Written by Laurie Goodlad
With Unesco World Heritage Status, The Heart of Neolithic Orkney is undeniably one of the most incredible trios of archaeological sites in Scotland – if not the world. Made up of the Ring of Brodgar, Stenness Standing Stones and Maes Howe, these three fascinating sites are all within a stone’s throw of each other and have forced archaeologists to rethink settlement patterns throughout Neolithic Britain.
The Ring of Brodgar and Stones of Stenness are both huge prehistoric stone circles. The Stones of Stenness are believed to be the oldest stone circle in the UK – even older than the famous and iconic Stone Henge – and is made up of four stones up to six metres in height. Originally the circle held 12 stones, although the remainder are no longer standing. The Ring of Brodgar is sure to take your breath away. With 36 massive stones still standing in this impressive stone circle with a surrounding ditch.
Maes Howe is an altogether different structure that stands from the surrounding flat farmland like a great green pimple. So prominent on the landscape, Maes Howe is an impressive Neolithic chambered cairn and passage grave, dating to around 2,800 BC. Maes Howe is the largest and best-preserved example of a chambered cairn in Orkney. One of the most incredible things about Maes Howe is its connection with the winter solstice. For several days around midwinter, the final rays of the day’s sunlight slip through the passage of the cairn, illuminating the darkened back wall and bathing it in soft, winter light
These incredible sites offer a tantalising glimpse into the life of Neolithic settlers some 5,000 years ago, and, although they ask more questions than they answer, they certainly indicate that Orkney was an important centre of the Neolithic world
Photography by Laurie Goodlad
Recent winner of the World Cup of Brochs, Mousa Broch on the small uninhabited island off Shetland’s east coast, is the best-preserved and most complete example of a broch from anywhere in the world.
Brochs, unique to the north and west of Scotland, were built during the mid-Iron Age, some 2,000 years ago. Archaeologists still debate what they were used for – were they defensive or offensive? Were they homes for high-status chieftains or large agricultural grain stores? Were they roofed or roofless? – nobody knows, and all we can do is guess at their purpose.
Mousa is nonetheless an impressive sight, standing at over 13 metres tall and dominating the narrow confines of Mousa Sound.
The Scottish Crannog Centre is a living history heritage site on the shores of Loch Tay. Sadly, the reconstructed Crannog was lost to fire in 2021, but the centre remains open with lots of hands-on activities for all the family, including fire-starting and cooking demonstrations.
Crannogs were a common feature of Iron Age Scotland. They are roundhouses that were built on artificial islands on inland lochs. Most appear to have been made for one family, and the earliest examples of these dwellings date back some 5,000 years.
The Crannogs found in the Perthshire area were timber-built structures, supported on piles or stilts bedded into the loch bed. In areas where wood supply was limited, rocks were used to form crannogs.
Photography by Laurie Goodlad
A fascinating site encompassing some 5,000 years of human habitation in Shetland, Jarlshof is a complex and awe-inspiring multi-period site at the southernmost tip of Mainland Shetland.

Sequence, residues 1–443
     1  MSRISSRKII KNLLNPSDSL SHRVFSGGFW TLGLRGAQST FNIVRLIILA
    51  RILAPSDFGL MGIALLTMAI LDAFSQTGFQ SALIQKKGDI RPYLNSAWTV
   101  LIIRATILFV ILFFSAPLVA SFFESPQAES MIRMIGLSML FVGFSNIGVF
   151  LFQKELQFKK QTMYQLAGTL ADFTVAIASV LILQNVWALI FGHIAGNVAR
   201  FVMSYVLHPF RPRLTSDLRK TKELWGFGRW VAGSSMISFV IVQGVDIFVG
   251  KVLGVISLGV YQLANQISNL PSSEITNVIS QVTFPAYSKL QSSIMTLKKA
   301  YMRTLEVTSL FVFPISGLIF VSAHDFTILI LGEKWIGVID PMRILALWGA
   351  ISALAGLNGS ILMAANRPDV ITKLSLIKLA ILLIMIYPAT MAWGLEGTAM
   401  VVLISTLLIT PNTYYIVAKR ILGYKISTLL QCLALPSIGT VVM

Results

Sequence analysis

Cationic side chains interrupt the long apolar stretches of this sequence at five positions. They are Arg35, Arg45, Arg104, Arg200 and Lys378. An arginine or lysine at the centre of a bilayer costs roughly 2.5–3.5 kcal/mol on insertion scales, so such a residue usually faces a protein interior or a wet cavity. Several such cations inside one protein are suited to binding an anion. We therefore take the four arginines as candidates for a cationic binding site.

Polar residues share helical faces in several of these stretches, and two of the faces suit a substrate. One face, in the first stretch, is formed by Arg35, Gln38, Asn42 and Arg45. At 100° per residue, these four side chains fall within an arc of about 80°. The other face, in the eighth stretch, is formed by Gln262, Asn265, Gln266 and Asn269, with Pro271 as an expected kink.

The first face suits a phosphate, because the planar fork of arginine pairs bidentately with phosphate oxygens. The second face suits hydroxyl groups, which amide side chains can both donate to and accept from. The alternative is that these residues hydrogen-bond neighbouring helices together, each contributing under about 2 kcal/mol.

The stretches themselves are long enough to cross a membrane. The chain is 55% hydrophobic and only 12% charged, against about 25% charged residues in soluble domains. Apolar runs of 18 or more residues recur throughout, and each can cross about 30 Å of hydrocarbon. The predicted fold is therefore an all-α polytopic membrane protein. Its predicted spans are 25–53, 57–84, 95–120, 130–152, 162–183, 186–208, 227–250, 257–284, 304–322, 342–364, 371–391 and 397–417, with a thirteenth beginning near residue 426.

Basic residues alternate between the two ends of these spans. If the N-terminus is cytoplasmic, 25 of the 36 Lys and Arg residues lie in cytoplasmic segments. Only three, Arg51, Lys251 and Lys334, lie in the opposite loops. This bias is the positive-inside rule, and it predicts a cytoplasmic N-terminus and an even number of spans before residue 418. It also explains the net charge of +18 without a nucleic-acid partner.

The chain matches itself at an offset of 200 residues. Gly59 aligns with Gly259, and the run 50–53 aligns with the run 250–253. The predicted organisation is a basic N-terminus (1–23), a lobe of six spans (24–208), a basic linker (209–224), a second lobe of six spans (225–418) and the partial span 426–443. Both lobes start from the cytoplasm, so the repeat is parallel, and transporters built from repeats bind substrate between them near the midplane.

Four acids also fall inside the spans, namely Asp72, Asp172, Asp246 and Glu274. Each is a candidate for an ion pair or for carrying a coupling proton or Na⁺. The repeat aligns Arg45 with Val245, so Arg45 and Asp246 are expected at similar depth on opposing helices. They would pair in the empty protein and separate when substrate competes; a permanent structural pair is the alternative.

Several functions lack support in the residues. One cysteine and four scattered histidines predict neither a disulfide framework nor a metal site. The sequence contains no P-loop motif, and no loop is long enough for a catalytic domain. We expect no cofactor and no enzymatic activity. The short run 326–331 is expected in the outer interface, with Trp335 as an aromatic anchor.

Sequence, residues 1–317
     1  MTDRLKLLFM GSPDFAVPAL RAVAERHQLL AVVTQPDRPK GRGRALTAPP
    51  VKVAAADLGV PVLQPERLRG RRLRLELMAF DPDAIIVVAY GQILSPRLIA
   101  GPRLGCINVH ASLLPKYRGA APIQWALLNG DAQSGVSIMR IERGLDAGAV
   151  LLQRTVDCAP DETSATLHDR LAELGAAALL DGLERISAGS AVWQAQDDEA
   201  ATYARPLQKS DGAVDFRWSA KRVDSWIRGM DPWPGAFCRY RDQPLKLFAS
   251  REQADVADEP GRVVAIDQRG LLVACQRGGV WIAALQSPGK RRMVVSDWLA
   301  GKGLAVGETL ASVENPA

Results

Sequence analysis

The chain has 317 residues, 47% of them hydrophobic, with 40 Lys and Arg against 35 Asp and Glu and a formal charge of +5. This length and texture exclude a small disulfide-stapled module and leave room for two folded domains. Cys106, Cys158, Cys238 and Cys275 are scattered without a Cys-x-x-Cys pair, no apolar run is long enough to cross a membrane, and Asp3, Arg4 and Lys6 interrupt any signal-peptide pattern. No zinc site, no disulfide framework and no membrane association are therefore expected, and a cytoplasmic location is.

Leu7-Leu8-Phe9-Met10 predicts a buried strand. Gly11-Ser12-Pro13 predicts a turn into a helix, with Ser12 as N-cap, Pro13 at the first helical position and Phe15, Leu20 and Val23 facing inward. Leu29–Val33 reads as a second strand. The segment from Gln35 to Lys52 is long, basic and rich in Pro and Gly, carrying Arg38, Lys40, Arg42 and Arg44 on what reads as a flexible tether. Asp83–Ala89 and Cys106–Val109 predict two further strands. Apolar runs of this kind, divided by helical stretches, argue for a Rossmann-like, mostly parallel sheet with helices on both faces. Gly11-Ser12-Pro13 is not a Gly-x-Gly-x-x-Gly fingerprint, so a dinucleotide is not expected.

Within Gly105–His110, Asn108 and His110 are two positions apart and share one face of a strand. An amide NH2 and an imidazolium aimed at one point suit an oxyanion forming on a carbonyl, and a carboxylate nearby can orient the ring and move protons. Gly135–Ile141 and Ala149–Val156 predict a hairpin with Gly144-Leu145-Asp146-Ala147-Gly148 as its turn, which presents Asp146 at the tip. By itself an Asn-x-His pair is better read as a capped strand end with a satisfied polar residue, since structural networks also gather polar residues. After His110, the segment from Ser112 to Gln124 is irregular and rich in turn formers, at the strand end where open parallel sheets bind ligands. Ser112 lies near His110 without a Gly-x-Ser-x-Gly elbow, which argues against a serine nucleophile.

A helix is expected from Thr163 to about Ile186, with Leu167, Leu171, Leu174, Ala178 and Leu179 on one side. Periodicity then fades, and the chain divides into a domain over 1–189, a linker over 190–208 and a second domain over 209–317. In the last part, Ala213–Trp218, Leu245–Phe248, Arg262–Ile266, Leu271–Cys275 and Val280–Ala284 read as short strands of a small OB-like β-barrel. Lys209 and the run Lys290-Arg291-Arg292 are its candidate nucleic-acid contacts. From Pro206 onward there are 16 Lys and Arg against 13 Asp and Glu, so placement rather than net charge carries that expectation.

Visitors to the site are guided through each era of human occupation, from the small, individual Neolithic farmstead, through the Iron Age where communities formed and came together under a changing climate, into the Broch era and the later Wheelhouse period. From here, there’s a wholescale change, most visible in the architecture that dramatically departs from the roundhouses of pre-Viking times, with the arrival of Viking and Norse settlers to Scotland’s shores.
Jarlshof offers an almost uninterrupted pattern of habitation and remains one of the best multi- period sites in Europe.
Okay, so this one involves a bit of effort to get to, but it’s oh so worthwhile! St Kilda will blow your mind and carry away a piece of your heart forever. The weather-beaten archipelago of St Kilda lies some 40 miles from the Outer Hebrides.
As Britain’s most remote point, it feels like the final frontier, a wild and foreboding place that echoes noisily with the sound of hundreds of thousands of seabirds. Until 1930, it was home to a population of resilient islanders who had occupied the islands for some 2,000 years.
Evidence of the lives they carved out on this remote outpost of the British Isles are scattered all over the islands today, from the roofless ruins of homes on the once-bustling Main Street to the lonely cleats that cling to the slopes of Conachair.
Photography by Laurie Goodlad
We’re heading back to Neolithic Orkney and the prehistoric village of Skara Brae, which provides a unique glimpse into the daily lives of the first farmers who tilled the earth and set down their roots in the Northern Isles.
Like many throughout Scotland’s islands – including Jarlshof – the site was uncovered by a violent storm in the 19th century. This Unesco World Heritage site, set on the picturesque shores of the Bay of Skaill, includes eight stone-built dwellings dating back 5,000 years.
Orkney’s northern island of Papa Westray, lovingly known as Papay, is home to northern Europe’s oldest preserved stone house. Set on the small island spanning no more than four miles by one mile and with unrivalled views out to sea, this Neolithic farmstead is incredibly well- preserved and dates back almost 6,000 years to 3,700 BC.
If you’re visiting Papay, you can take the world’s shortest scheduled flight – a journey that will take less than two minutes to complete!